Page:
Continuing from last week, perusing 1 Corinthians 2:1-4 we notice that Paul chose not to come to them “with superiority of speech or of wisdom.”
1And when I came to you, brethren, I did not come with superiority of speech or of wisdom, proclaiming to you the testimony of God. 2For I determined to know nothing among you except Jesus Christ, and Him crucified. 3I was with you in weakness and in fear and in much trembling, 4and my message and my preaching were not in persuasive words of wisdom, but in demonstration of the Spirit and of power (New American Standard Bible)
In the word “speech” he seems to refer to the method of his delivery, and in the word “wisdom” he refers to its content. As he explains later, by “wisdom” he means human wisdom—the wisdom of this age, not the wisdom of God. To appeal to the intellect of the Corinthians would be to appeal to their pride, for, as we have already mentioned, they were part of a culture that prided themselves in their oratory and philosophical pursuits. If Paul had used such an approach, they would be attracted to a false position in God’s kingdom. In order for them to genuinely come to Christ they would have to repent of their pride, not have it stirred up.
In order to receive God’s gift of life, they needed to repent. This repentance is not only from their moral failures. They must lose confidence in their independent, self-sufficient ways of thinking and come to a kind of “intellectual repentance.” We are told in many places in Scripture that human wisdom causes us to be puffed up with pride. For Paul to prepare an argument that appeals solely to the mind may, in fact, convince a mind, but he wants to do much more than simply convince them intellectually. He wants their hearts.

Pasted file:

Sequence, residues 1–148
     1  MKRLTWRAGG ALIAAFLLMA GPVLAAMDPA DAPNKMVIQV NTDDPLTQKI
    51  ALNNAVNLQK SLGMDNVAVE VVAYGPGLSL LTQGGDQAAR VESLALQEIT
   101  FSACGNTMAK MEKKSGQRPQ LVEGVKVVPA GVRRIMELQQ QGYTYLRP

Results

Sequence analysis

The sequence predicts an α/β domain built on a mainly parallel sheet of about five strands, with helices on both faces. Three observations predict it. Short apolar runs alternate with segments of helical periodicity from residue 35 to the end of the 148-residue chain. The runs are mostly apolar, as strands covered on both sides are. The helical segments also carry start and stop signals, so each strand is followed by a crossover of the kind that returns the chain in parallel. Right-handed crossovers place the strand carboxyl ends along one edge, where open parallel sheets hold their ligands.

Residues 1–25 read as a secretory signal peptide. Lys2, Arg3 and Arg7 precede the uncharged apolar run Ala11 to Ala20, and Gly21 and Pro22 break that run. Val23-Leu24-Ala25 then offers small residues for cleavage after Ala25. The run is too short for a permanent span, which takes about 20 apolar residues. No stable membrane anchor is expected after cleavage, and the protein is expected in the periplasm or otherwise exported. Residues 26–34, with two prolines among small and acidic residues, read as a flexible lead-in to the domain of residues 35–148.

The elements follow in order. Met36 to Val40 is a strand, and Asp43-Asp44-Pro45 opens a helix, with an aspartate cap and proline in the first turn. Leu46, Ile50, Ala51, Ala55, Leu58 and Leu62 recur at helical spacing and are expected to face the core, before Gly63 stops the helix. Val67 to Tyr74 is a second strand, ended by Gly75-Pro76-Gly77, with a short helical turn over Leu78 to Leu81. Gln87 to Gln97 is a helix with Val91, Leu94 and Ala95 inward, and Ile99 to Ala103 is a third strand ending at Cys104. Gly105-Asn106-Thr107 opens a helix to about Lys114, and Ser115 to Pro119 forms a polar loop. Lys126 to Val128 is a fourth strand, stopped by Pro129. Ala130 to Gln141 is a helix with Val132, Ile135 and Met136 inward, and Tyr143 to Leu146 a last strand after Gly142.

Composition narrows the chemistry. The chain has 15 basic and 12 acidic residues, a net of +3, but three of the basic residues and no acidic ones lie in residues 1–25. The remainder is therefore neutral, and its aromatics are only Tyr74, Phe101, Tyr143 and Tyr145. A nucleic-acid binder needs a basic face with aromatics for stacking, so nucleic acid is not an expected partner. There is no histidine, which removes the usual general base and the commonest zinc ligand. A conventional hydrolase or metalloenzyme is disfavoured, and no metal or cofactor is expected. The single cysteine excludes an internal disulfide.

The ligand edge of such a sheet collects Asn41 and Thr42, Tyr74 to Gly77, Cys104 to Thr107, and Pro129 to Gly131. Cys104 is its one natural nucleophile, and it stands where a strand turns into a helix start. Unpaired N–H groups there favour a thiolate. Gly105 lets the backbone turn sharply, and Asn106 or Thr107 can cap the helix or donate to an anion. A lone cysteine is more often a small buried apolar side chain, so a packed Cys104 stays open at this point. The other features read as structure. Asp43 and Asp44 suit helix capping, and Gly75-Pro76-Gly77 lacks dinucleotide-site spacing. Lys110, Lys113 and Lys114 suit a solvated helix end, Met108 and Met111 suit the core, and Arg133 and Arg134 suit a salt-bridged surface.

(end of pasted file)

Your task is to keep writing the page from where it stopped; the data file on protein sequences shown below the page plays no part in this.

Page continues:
Now I am not suggesting that Paul never used well-prepared arguments to make his case for believing the gospel. He did it frequently in his discussions with Jews in the synagogues. Sound arguments supporting Christian truth-claims are necessary and can have a profound effect upon those who are prepared to hear and respond to them. As St. Augustine affirmed, reason itself doesn’t cause faith, but it everywhere supports faith. In this context, however, with a people who were so enamored with their own self-importance, Paul tells us in verse 2 that he “determined to know nothing among [them] except Jesus Christ, and Him crucified.”
What I think he is telling us here is that there are times when we must simply declare the truth of the gospel in its most fundamental terms, and leave the rest to God. To engage in debate on human wisdom can yield nothing but confusion and distraction from the real issues. Paul has already told us in chapter 1 that while the intellectual seeks for clever arguments and the religious seek for miraculous signs, God, in His wisdom, has chosen the method of preaching to save those who will believe (1:21-22). So this is the approach Paul takes with the Corinthians.
In verses 3 and 4, Paul repeats his description for emphasis in the form of two statements: instead of superiority of speech, he comes “in weakness and in fear and in much trembling”; and instead of persuasive words of wisdom, he comes “in demonstration of the Spirit and of power.” I see in Paul’s first statement a full recognition of his inability to convince the Corinthians through his own intellectual strengths. It is not so much that he feels unprepared but that he does not have the resources within himself to truly impress them—similar, perhaps, to his feelings in Athens. In his second statement, I see him wanting not just to convince their minds alone but to get into their very hearts and give them something that will convince them in their consciences.
We’ll see in next week’s post how Paul moves toward that goal.
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